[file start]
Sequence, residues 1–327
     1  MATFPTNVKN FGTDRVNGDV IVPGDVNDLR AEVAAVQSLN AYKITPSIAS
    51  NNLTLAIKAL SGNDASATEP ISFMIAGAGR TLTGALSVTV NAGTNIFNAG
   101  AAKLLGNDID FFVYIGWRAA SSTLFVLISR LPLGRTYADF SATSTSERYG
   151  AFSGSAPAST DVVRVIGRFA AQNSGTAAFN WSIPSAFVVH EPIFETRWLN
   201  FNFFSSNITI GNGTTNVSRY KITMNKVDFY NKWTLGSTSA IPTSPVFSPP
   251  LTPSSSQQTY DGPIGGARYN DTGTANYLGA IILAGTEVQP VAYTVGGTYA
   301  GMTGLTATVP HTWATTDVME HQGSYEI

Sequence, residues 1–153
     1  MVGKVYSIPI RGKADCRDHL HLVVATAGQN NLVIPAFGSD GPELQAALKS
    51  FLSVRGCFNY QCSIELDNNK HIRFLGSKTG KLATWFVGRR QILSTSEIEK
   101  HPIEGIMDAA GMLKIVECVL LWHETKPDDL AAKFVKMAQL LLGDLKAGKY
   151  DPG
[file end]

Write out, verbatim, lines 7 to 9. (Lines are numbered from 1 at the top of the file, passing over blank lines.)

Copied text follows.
   251  LTPSSSQQTY DGPIGGARYN DTGTANYLGA IILAGTEVQP VAYTVGGTYA
   301  GMTGLTATVP HTWATTDVME HQGSYEI

Sequence, residues 1–153